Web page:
I am a user of your All in One SEO Pack and I greatly appreciate your work to create it.

    I just donated $10 to you. I wish I could have done more but I am not a rich man and I have more donations to disperse.

    Let me know if you interested in co-authoring that article. Once again, I think you could provide some great insight. I sincerely wish you the best.

  10. Kevin Eklund

    Just wanted to make sure you got my $10 donation for use of your great All in One SEO pack plugin. Sorry it can’t be more but I have others to hand out and I’m far from rich 🙂

    For some reason my comments aren’t even showing up in moderation anymore. Anyway, I wish you the best. Let me know if you are interested in co-authoring that article. I think your opinion and insight would be a great benefit.

  11. Jeffro

    Great post Michael. There are a couple of great points you bring up. First, not all plugin authors are doing it for the money. Second is this statement:

    Open source software development is about the community being able to bring together collective and individual efforts to create applications that best serve everyone. It’s not about getting software free of charge, even though that often can be a great side effect.

    I hope whomever reads this understands that there is nothing wrong with charging for GPL software. It being free of charge is a side benefit but by no means does it have to be free (as in price).

    The third point which I believe solves the argument of Automattic possibly enforcing a double standard on the plugin repository is solved with this statement:

    These plugins are all GPL (free as in liberty). They interact with a service that is not. We don’t have access to the source code of Google, and have no liberties with it, other than being able to use their API. Whether or not Google charges for any of these services is irrelavent. The code that the GPL applies to is the plugin itself. The fact that it happens to interface with something that may or may not be commercial, and may or may not be GPL doesn’t affect the GPLness of the plugin itself.

    With this in mind, it’s easy to see that the Polldaddy plugin and Akismet are well within the guidelines of the repository. Furthermore, nothing stops someone else from creating a proprietary service that a GPL compliant WordPress plugin taps into either through an API key or some other method. The point is, if the plugin or code that interfaces with the service is GPL, the entire model is ok. The double standard argument comes into play only if the repository starts removing GPL compatible plugins that tie into services that are not GPL.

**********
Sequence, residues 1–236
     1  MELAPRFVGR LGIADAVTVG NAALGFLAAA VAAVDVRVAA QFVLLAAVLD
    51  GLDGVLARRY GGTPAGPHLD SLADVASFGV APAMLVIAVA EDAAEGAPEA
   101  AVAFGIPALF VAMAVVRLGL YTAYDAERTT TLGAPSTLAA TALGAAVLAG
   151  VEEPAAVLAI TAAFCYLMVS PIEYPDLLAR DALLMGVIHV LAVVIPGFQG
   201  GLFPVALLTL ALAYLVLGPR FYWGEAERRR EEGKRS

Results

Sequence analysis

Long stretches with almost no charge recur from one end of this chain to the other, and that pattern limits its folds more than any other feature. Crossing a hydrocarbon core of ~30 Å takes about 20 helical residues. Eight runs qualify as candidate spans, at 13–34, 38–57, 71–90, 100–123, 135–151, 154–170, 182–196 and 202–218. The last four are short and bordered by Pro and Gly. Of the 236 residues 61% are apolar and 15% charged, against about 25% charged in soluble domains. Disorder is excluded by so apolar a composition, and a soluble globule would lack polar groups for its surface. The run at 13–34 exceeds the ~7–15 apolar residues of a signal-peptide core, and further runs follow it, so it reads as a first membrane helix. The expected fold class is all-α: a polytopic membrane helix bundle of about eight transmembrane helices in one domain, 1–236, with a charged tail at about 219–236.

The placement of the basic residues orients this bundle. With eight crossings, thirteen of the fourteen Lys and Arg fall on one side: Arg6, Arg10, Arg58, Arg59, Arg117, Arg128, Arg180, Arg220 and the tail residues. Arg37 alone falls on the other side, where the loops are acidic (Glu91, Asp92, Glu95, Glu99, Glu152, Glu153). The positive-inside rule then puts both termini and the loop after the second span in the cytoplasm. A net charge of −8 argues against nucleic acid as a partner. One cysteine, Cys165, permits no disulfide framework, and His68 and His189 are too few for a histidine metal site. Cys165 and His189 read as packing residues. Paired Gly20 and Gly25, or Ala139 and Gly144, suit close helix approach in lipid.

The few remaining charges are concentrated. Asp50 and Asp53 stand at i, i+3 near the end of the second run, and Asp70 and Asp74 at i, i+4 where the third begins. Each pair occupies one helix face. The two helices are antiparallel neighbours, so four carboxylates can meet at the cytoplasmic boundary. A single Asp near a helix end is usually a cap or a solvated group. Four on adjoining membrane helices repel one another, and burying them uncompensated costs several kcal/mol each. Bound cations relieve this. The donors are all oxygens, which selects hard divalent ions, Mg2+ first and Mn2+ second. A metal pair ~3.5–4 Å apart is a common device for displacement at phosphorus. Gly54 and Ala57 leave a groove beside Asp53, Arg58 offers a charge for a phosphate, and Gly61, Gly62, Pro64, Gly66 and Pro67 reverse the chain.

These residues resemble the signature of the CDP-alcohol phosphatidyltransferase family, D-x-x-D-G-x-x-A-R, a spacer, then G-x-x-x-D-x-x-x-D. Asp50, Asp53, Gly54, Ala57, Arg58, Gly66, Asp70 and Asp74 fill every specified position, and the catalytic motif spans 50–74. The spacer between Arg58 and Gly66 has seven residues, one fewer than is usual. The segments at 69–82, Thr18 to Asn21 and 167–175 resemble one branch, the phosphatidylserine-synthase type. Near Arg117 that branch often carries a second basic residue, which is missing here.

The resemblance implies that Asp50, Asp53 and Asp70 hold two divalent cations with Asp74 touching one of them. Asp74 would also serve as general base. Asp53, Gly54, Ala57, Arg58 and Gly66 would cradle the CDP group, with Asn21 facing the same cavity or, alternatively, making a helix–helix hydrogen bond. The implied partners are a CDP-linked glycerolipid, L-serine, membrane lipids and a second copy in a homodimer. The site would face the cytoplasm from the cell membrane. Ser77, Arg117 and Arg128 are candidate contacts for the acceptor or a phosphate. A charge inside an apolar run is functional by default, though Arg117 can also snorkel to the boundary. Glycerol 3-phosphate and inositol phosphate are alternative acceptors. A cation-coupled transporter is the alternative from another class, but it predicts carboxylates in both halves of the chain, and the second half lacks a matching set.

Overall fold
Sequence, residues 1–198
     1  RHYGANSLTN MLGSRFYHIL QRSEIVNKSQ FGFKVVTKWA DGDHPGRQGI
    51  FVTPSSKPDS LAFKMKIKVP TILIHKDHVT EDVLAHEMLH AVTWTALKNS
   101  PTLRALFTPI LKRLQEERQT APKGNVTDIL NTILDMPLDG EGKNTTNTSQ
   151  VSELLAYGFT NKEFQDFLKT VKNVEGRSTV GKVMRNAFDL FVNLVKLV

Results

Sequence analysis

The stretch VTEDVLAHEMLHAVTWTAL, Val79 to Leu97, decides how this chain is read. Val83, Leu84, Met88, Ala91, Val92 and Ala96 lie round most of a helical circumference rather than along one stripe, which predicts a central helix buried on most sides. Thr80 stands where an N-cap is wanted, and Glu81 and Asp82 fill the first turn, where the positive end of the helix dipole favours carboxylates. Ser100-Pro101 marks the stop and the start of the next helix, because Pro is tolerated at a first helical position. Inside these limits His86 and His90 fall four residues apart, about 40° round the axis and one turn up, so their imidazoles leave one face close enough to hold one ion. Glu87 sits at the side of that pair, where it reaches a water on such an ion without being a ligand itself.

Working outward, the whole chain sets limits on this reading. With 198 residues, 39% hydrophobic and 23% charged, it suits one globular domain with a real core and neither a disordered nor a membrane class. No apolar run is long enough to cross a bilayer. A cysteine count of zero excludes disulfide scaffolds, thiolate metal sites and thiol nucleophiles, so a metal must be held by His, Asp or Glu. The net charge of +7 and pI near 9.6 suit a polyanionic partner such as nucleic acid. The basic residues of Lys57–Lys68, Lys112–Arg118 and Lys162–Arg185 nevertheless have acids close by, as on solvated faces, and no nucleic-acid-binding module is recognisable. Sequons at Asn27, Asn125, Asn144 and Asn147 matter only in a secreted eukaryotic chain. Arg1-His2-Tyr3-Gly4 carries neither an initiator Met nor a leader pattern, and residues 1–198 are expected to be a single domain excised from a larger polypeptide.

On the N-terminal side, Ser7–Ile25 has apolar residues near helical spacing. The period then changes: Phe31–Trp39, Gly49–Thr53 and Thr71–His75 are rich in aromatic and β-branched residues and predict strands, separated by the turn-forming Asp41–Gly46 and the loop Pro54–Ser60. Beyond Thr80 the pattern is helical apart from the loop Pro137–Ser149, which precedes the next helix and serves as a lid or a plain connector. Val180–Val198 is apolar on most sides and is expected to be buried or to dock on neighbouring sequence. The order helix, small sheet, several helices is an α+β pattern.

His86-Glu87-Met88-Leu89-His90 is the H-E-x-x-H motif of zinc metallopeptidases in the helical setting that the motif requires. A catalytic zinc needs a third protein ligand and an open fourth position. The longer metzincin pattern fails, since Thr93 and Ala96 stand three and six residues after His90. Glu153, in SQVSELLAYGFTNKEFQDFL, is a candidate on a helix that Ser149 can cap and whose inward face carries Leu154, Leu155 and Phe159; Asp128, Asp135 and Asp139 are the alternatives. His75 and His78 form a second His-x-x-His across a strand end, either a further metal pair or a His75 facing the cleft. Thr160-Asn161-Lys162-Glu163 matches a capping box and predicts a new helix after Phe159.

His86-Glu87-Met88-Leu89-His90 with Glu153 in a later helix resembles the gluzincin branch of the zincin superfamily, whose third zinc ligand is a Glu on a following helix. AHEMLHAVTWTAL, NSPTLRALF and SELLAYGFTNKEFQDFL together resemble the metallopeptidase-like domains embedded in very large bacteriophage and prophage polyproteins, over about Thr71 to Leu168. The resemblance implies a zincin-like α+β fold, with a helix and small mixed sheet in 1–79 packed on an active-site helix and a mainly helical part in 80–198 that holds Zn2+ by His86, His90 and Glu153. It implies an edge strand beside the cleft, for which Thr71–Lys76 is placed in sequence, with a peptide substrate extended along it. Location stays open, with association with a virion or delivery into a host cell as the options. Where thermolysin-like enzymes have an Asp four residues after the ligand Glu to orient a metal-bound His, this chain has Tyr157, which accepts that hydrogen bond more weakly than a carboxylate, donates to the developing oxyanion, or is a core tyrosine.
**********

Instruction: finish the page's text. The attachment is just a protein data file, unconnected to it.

I’m not a fan of the app store idea regardless of the cheap $1.00 per plugin. I believe Kevins first post was a great way to bring up an important topic in that some of the most well known plugin authors were not receiving very much in donations and because of the raised awareness, it provoked some people into donating money which was a great thing. The post regarding Matt, Automattic, business models and the like comes off pretty badly and presents misinformation that is easily obtainable through a couple of Google Searches.

    I don’t really think a listing of acceptable business models needs to be created by Matt. If you have a question regarding the way you are doing business and the GPL, the best thing you could do is contact Matt Mullenweg personally via email or at a WordCamp event and have a chat with him about it. Dan Milward of WP Ecommerce has done this, Brian Gardner has done this, so has Cory Miller of iThemes, Adii of WooThemes, perhaps even Jonathan Davis of the Shopp plugin. So when Matt responds in the comments that if you have a question regarding your business model and if it complies with the GPL or not to contact him, that is actually the way to go.

    When you think about it, as long as the code is GPL your imagination and creativity can take over with regards to the business model you want to use. It doesn’t have to be the same one everyone else uses and I think alot of times, plugin/theme authors are not being creative enough in creating a viable model for themselves.